Thanks,

-- Eglina

Dear Eglina,

"Keeping last lp of each dc on hook" means to skip that final "yo, pull through last 2 lps" of each dc.

So, think about how you make a regular dc. . . you do this:

Yo, insert hook into st or space, yo, pull 1 lp through, [yo, pull through 2 lps] 2 times.

That last part in the brackets, only do once instead of the 2 times.  This will leave you with 2 lps still on your hook. This si what ths "keeping last lp of each dc on hook" means.

If you do it again (the 2nd incomplete dc), then you will have the 3 lps left on your hook.  Now, you can do the last phrase of the instruction for your CL to close it.

Hope that explains it!

Best,

SweaterBabe


Which is the first stitch on a new crochet row?

Dear SweaterBabe,

I have been crocheting for the last few years but, after all this time I still haven't figured out one thing. Just supposing I have a row of treble stitches done, at the start of the row where the loop is with the hook, is this my first stitch?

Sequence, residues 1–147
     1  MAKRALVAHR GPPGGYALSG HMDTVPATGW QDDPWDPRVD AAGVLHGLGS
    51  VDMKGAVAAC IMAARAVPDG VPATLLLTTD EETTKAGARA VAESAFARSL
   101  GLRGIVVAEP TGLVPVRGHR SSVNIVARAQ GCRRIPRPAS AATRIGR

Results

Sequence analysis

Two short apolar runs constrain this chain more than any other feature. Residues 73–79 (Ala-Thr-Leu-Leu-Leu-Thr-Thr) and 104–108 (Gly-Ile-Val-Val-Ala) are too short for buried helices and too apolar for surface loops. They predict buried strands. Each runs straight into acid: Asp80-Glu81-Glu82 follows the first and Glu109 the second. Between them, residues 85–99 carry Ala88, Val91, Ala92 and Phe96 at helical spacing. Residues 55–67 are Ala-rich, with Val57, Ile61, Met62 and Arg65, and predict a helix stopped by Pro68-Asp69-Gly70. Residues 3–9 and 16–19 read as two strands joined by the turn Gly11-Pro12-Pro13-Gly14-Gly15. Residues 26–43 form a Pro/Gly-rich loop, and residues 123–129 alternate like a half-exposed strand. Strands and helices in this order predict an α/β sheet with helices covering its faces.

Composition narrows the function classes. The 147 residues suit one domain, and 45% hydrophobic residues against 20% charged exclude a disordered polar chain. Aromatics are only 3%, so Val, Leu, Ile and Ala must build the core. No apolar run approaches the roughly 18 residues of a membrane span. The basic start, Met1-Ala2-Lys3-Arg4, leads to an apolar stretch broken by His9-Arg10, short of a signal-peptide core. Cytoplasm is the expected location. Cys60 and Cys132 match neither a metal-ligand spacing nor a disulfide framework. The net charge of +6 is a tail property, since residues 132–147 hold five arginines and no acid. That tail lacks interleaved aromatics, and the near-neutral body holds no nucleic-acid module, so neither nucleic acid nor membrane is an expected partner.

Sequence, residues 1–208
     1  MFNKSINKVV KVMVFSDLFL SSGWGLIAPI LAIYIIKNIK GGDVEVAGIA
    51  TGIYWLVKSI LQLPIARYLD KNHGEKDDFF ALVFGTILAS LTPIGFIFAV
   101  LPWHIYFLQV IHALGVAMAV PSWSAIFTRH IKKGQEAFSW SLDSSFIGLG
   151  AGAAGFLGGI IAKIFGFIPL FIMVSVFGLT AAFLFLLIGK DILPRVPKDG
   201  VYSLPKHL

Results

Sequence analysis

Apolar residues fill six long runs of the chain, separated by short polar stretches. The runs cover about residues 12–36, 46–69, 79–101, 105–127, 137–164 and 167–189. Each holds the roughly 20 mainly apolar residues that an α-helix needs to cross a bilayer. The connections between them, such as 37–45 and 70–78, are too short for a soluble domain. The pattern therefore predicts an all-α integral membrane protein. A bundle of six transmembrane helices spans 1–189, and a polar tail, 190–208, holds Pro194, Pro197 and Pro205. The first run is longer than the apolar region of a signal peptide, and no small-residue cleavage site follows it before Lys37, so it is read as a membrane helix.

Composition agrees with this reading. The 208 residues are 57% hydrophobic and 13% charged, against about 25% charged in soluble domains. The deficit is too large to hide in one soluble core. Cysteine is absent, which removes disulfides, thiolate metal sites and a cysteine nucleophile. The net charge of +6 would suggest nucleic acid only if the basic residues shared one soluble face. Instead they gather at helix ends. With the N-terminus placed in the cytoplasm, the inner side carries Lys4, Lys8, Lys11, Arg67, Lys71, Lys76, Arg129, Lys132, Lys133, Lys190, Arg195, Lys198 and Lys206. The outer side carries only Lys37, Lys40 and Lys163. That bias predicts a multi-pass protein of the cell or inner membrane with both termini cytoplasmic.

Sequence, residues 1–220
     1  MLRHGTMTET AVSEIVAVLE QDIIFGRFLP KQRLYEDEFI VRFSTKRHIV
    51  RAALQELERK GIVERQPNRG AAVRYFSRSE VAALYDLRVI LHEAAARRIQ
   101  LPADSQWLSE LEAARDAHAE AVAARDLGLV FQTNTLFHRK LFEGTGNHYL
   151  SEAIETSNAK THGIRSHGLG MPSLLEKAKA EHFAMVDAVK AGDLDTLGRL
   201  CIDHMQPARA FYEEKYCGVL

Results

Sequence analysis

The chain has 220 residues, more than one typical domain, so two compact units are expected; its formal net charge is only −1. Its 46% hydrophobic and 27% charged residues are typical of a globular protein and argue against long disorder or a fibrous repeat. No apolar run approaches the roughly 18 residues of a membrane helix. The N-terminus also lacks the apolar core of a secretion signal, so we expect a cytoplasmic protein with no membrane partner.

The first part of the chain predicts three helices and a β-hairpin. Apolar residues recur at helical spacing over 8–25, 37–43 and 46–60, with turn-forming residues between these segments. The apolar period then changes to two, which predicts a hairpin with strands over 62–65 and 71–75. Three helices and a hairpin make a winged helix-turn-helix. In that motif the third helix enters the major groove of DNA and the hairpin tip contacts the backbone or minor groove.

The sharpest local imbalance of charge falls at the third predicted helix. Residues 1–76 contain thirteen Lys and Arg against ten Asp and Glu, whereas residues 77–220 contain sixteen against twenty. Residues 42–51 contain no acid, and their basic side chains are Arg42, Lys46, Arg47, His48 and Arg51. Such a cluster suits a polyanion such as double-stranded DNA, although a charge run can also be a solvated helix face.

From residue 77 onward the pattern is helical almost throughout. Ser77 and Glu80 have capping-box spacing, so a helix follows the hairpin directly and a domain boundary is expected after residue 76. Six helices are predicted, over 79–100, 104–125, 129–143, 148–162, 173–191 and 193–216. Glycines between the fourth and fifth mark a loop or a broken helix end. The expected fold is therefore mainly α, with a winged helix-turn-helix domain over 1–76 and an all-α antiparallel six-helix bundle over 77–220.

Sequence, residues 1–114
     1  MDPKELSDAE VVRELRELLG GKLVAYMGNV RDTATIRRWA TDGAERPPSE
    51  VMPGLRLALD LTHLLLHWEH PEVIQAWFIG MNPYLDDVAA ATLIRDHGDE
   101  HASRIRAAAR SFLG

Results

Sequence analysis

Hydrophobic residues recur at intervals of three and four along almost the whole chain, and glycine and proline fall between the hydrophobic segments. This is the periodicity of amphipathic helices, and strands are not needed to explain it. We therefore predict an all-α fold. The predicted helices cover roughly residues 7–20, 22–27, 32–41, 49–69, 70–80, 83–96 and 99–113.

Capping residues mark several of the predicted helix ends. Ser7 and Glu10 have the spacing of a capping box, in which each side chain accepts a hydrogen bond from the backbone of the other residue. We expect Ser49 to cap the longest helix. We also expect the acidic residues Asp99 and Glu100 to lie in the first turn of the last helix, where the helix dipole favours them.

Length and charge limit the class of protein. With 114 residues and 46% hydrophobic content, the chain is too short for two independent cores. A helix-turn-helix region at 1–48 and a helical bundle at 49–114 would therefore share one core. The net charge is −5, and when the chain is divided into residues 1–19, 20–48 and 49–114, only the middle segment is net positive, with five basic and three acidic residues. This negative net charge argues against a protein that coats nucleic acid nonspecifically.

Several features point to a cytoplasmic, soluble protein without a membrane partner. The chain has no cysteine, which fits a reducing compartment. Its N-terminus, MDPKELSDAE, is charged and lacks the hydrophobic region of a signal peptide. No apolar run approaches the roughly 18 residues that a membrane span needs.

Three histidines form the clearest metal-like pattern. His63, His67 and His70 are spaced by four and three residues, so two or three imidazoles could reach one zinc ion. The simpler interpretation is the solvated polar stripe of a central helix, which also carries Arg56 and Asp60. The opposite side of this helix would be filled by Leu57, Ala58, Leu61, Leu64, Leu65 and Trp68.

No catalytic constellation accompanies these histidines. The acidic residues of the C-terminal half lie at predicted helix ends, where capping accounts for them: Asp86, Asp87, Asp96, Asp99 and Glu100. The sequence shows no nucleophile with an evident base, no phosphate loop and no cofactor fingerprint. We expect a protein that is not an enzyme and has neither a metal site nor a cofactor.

Thanking You,

-- Cathy

Dear Cathy,

If I am understanding you correctly, then no, the loop that is sitting on your crochet hook when you first turn to start a new row is not your first stitch.

The next "chain" that you see is the first stitch in which you can work a new treble.  By "chain," I mean what resembles a chain (like the chains that you made to start your crocheting) and has 2 strands, a left and right half.  It will be just adjacent to the loop on your hook, in fact, your loop on your hook will be coming from that chain.

Hope that explains it!

Happy crocheting,

SweaterBabe


Crochet Instructions - How to Join?

Dear SweaterBabe,

Duck toy says....... HEAD: With WS of work facing, join MC with ss to first st. i am totally lost!!! i have the bottom part of the duck crocheted. i don't know if i'm supposed to be connecting the head or start separate and connect later or if i connect, where? where i got the pattern from is....http://www.bernat.com/data/pattern/image_183.jpg SO CONFUSED!!! would really appreciate the help!

-- shannon

Dear Shannon,

When I first read "Duck toy says...," I thought I was getting some strange spam email... but no, just a crochet question!

Let me try to explain:

"HEAD: With WS of work facing":
Make sure the WRONG side of the work is facing you.  I guess that means the inside of the body (the inside is where the stuffing will go).